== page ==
Health and Physical Differences

written 10/15

Ashley and I are constantly itchy, sometimes to the point where we have difficulty concentrating on anything else. We’re not positive what it is (although we have ruled out bedbugs), but my suspicion is just that it is fleas from our dogs (although Ashley has refrained from touching them for a few weeks and I’m often itchy without visible bit spots, so we don’t really know.) We have gone through what I thought was a year’s supply of anti-itch crème fairly quickly…

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3 Responses to Health and Physical Differences

  1. It seems that your experiences of your health and the Taborans health spark inquiry, investigation, and speculation within you. I do hope you find some answers to your questions. Perhaps, as you say, these health problems are just a fact of living in poverty and I imagine that nutrition and better hygiene would improve the Taboran health difficulties. Of course, I have never been to a third world country, so I would not really know.

    I am a person of science that comes from a low US socio-economic background. Still, my parents provided a nutritionally balanced diet for themselves and for us children, so I was raised in a climate quite different from the one you describe. I suppose that, compared to those of whom you speak, I am privileged and spoiled.

    I wish you much success in your project. I wish to you and to those with whom you work.

  2. Kelly Trop says:

    I think Ana told us last year that the scabs and bald spots are from parasites (possibly waterborne?) and that they can be easily cured by taking a deworming pill or two. (Every three months, you should buy some for yourselves in Korogwe, just in case.) In Kijungumoto, they give out deworming pills to kids for free at school on certain days.

    Your albinos don’t sound like the albinos I saw, who were at least as pale as me, but with African features and occasional splotches of darker pigmentation. (They also covered up during the day and had blond nappy hair.) The albinos you’re seeing might just be descendants of lighter-skinned people, like Mama Tuna, or anyone with Indian ancestry. People didn’t seem really precise about albinism vs foreigners: I’d often be mistaken for an albino in Mashewa or Korogwe, just because it’s more common to see albinos there than white people.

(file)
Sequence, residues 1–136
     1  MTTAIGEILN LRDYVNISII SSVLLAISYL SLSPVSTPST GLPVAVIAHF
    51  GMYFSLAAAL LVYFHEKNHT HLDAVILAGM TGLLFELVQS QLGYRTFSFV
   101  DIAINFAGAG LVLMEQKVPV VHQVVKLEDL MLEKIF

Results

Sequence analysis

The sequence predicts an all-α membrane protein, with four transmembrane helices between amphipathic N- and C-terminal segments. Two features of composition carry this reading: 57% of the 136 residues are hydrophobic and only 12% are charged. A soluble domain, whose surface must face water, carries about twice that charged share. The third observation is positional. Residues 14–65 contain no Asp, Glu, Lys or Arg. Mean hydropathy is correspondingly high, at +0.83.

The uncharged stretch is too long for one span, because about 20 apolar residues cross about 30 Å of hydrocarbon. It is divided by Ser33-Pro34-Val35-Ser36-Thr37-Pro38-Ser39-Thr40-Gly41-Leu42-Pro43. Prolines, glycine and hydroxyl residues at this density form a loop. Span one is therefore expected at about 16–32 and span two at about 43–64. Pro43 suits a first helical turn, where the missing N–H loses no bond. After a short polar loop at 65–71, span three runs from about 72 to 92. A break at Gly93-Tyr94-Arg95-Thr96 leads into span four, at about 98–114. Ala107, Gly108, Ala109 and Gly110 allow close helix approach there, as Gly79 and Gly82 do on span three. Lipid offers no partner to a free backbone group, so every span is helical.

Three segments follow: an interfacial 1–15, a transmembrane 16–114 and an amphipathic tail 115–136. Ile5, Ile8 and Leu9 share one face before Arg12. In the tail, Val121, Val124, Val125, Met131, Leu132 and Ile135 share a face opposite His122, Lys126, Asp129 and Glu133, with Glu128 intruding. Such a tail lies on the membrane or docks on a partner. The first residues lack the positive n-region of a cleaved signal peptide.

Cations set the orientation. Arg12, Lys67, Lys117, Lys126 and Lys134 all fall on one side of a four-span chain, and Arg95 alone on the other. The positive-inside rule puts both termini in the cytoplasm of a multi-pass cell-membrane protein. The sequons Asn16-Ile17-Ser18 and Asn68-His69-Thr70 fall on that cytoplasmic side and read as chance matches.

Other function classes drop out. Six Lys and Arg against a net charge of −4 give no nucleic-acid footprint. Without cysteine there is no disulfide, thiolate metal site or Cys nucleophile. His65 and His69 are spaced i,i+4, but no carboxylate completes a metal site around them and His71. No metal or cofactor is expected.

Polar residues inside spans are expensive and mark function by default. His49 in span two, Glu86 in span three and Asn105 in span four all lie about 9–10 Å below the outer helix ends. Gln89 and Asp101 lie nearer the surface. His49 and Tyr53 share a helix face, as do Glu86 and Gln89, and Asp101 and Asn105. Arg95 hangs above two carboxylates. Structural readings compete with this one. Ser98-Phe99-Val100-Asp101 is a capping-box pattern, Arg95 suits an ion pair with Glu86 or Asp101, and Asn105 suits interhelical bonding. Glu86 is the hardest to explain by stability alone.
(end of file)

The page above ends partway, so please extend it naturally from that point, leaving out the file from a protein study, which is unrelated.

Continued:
As for your question… some of the more obvious signs of ill health, like the scabs, etc, are something that needs to be addressed with better sanitation/medicine. But the size and vigor of kids (and adults) is definitely affected by nutrition- unfortunately, that’s not the kind of thing you can change, or see the results of, overnight.

    Your comments about the preemie have started me thinking, though- better prenatal care/nutrition would possibly make the most obvious difference in the shortest time. Parents probably remember which of their kids was the fattest/healthiest, you know? If you could get a clear correlation between what the mom was eating then and the health of the child now… man, now I’m really curious about the role of hospitals in giving birth, too. It seemed like 50/50 in Kijungmoto, but the ward hospital was practically next door, so that’s obviously a factor. But I didn’t hear much about people going in for a check-up on their pregnancy. It might be interesting to have a doctor or nurse come in from Korogwe to speak about the importance of prenatal nutrition, and inexpensive ways of getting it (liiiiiiike: gardens!)

  3. Quercki says:

    For itching here at home, I’d recommend a baking soda or oatmeal bath.

    1.Put baking soda (or that baking powder stuff you have) in water, wet cloths and lay them on your skin. See if that works. (I’m not sure about the extra ingredients.) It might be drying but you can use cooking oil to fix that if you need to and are out of lotion.

    2. Do you have oats? (like oatmeal) They make a thick, slippery residue. You and put them in a bag or sock and wet it and then rub it on. That’s the general idea behind Aveeno bath stuff you can buy here in the U.S.

    3. There may be a local plant remedy for itching–like aloe. Ask around.

    4. Vinegar might work, too. Maybe dilute it with clean water. Wet cloths. It used to be a sunburn remedy. It might sting. I’m not sure why both a base or an acid help skin feel better, but experiment and see which helps you.

    Whatever you do, just do a small part of your skin and wait to see if you are allergic to remedy.

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